How to Treat Baby's Fever

If you suspect your baby has a fever, learn how to take his temperature and when you should call your pediatrician. This video will also show you how to care for your sick infant and what medicine he can take.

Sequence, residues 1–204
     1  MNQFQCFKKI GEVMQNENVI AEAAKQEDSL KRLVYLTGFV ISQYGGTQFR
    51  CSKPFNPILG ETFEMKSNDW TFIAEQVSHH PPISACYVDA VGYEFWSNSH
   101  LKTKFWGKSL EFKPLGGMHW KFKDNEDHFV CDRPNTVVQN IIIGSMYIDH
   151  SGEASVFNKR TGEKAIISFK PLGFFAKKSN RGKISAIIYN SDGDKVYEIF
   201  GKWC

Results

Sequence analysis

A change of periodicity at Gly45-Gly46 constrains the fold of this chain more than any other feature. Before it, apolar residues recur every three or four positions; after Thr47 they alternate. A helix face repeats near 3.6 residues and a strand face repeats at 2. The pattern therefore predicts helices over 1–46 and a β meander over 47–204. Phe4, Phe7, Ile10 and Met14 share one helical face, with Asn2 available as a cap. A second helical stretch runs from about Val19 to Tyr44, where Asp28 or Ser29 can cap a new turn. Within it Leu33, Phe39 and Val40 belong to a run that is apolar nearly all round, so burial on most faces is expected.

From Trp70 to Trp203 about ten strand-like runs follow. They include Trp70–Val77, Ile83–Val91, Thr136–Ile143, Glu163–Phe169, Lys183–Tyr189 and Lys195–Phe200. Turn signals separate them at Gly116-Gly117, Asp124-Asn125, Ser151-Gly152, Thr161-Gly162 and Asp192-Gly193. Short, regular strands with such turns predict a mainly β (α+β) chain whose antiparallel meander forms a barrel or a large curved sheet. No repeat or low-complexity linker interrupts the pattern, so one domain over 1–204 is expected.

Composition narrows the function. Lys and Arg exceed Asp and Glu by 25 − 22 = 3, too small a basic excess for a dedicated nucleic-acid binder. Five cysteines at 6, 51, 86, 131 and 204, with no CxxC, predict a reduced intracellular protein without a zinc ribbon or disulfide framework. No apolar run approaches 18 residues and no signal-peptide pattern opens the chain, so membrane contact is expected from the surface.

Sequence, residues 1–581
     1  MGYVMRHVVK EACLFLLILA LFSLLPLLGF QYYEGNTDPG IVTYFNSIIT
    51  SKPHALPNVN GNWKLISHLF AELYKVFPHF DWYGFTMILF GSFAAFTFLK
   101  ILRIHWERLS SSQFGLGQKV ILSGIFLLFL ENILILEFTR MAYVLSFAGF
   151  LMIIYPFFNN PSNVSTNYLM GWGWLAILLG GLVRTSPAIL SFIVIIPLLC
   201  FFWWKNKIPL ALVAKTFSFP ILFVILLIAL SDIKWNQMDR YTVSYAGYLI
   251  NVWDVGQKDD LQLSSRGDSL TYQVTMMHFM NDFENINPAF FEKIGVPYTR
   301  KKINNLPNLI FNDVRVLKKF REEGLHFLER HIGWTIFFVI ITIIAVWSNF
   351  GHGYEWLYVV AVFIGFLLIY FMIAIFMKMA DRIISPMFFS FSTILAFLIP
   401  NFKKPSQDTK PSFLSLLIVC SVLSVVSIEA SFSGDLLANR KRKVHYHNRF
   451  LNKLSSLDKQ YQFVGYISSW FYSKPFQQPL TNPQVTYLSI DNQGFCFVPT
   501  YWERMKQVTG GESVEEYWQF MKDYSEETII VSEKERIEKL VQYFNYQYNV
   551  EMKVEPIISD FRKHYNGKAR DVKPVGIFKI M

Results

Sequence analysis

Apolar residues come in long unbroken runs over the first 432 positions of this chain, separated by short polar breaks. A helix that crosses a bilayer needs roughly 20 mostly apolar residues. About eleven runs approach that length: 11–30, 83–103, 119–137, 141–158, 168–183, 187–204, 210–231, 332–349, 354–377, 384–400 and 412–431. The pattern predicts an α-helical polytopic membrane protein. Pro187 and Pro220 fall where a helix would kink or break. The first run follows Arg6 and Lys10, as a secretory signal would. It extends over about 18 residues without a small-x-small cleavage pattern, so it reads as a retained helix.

[MUSIC] A fever is cause for concern especially in young infants. So if you think your baby feels hot or seems to be sick take his temperature. You'll get the most accurate reading with the digital rectal thermometer. First clean the thermometer with rubbing alcohol, or soap and warm water. Allow it to set for a few minutes at room temperature, then coat the tip with a dab of petroleum jelly. To take his temperature, you can place your baby on his back as if you were about to change his diaper, or on his belly across your lap with his legs dangling. Laying down your side. Turn the thermometer on and gently insert the tip about three quarters of an inch. Wait for it to beep before removing it. See your doctor immediately if your baby is younger than three months and has a temperature above a hundred point three degrees. If he's older than three months, give your pediatrician a call if his temp is higher than a hundred. Two degrees, or if any fever lasts more than a day. Also let her know if your baby has other concerning symptoms, such as a change in appetite, a new rash or a decrease in activity. Even if his body temperature is only slightly above normal. Until your baby's temp comes down, focus on making him. Comfortable. Let him rest and watch him closely for any changes in behavior. Only give him acetaminophen or ibuprofen if your doctor recommends it. To ensure your baby gets the full dose of medication, even if his stomach is upset, try a suppository, such as Infant Strength. Acetaminophen suppositories. It's important to keep your baby hydrated too. So offer him extra formula or breast milk. The bump in liquids will also help clear toxins from his body and deliver the nutrients he needs. If your baby has had a dry diaper for eight hours or is crying without tears see a doctor. He may be dehydrated. [MUSIC]

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